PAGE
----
Inside the Trojan horse

The progressive argument against Amendment 71


In an era of political deception it can be difficult to separate the genuine from the phony. One tried and true strategy to weed through campaign propaganda has always been to follow the money. The Colorado initiative that most demonstrates the need for the “money test” this election is Amendment 71, also known as Raise the Bar.

If you haven’t read into the amendment, your first exposure might’ve been the barrage of television ads claiming 71 will “protect Colorado’s constitution from special interests.” This valiant yet vague assertion should cause you to pause and wonder who are these so-called constitutional guardians of Colorado. A dig into the latest reporting reveals that $3.75 million from a total of $4.16 million in contributions to Raise the Bar came from large corporate interests including, but not limited to, oil and gas, big ag, for-profit healthcare, banking and business lobbying groups like Colorado Concern. Talk about a situation with the foxes offering to guard the henhouse.

The common thread between all these corporate lobbies is that they are terrified of progressive grassroots change through the ballot box. That is why 71 attempts to shut down the right of initiative to everyone but the ultra-wealthy. It would require initiatives to get at least 2 percent of people from all 35 Colorado senate districts to sign, a prohibitively expensive task in an already expensive process. The new rules would also open the door for lawsuits from any senate district, allowing a conservative region to essentially veto an initiative through legal delays. By now you can start to see that the motives for proponents of Amendment 71 aren’t exactly pure, and a deeper dive further reveals the true masters of deceit behind Raise the Bar.

So far, the lion share of pro-71 funding comes from the oil and gas industry. As of Oct. 3 they have contributed $3.1 million or just over 75 percent of the amendment’s funding. Most of the oil and gas money pouring in can be attributed to two Texas-based companies, Anadarko and Noble Energy. So why do these out-of-state special interests care so much about the Colorado constitution?

It just so happens that Noble and Anadarko also funded most of the $20 million dollars to keep the Yes for Health and Safety Over Fracking initiatives off this November’s ballot.

The two initiatives fell just short of reaching the nearly 100,000 validated signatures that would have allowed Coloradans to vote on increasing oil and gas setbacks and local control for fracking. While the grassroots effort for fracking safeguards recruited over 1,000, mostly volunteer, circulators, they were met with billboards, television ads and dozens of people paid to harass petitioners.

The money Anadarko and Noble spent to keep Coloradans from voting on the initiatives was unprecedented for a statewide amendment. Independent polling done on the initiatives reveals their desperation. Both initiatives are very popular with Coloradans, with the setback initiative showing nearly double the support as opposition, with 57 percent in favor and just 30 percent against. This overwhelming support is not surprising given the numerous studies that show people living half a mile from a fracked well have increased rates of asthma, birth defects and other health impacts.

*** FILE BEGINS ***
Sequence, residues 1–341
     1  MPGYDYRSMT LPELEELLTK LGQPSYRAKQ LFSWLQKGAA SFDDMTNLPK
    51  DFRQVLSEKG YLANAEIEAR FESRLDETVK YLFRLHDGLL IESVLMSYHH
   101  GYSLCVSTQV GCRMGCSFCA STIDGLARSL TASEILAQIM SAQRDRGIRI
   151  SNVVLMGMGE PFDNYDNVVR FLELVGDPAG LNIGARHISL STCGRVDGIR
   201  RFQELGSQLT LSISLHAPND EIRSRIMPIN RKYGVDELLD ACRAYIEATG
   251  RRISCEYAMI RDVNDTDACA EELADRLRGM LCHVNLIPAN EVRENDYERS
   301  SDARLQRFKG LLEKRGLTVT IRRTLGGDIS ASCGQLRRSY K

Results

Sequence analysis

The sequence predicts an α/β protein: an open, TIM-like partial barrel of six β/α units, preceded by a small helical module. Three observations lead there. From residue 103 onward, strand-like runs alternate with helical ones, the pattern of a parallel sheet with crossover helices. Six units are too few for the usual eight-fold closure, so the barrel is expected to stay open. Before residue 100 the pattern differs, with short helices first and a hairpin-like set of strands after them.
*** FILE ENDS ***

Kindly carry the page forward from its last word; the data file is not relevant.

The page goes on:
The local control initiative has a deep-seated resonance with Colorado voters. From 2012 to 2013, Colorado voters made national news as five Front Range cities passed local bans or moratoria on fracking for oil and gas. These grassroots victories were then overturned by lawsuits brought by Gov. John Hickenlooper and the Colorado Oil and Gas Association. The battle over local democratic control on oil and gas came to a head earlier this year, when the Colorado Supreme Court stripped communities of their local bans.

Because Gov. Hickenlooper is essentially a fracking advocate, the industry is much more concerned about grassroots democratic initiatives than any kind of legislative action. At the oil and gas conferences the governor frequents, there are numerous breakout sessions on how to deal with these constitutional amendments. With Amendment 71, they’ve conjured up a plan to appear like they are protecting a sacred document, when they are truly only concerned about protecting their own interests.

If you vote for 71, you’ll be giving a helping hand to billionaire oil CEOs in their Texas mansions. You’ll also make Monsanto very happy, and the health insurance CEOs too. But you certainly won’t be protecting the constitution from special interests. They are the special interests and they are funding this ballot initiative. If 71 passes, only the obscenely rich will have access to the initiative process. Just like Citizens United did, this amendment will take power away from the people and consolidate it in the hands of the few.

They know they can’t stop progressive change if they allow democracy to do its work. So they are taking extraordinary measures to stop your voice from being heard. They assume you’ll buy their propaganda and vote against your own best interest. Call their bluff; vote no on 71.



    • Thanks for posting Evan. I’ll see if we can get an update. It’s really insane to see two out of state companies pour in over $40 million in one election cycle. They can’t say it’s to silence the movement for nontoxic communities, green jobs and a safe climate. So they make up some insanity about protecting the constitution from themselves. Like, I’ll really be able to rest easy knowing that Oil billionaires are gatekeepers for the Colorado constitution. Such nonsense.

  1. To be fair who else would you expect to be paying to keep fracking legal.It would be kind of strange if PETA or the NRA contributed.


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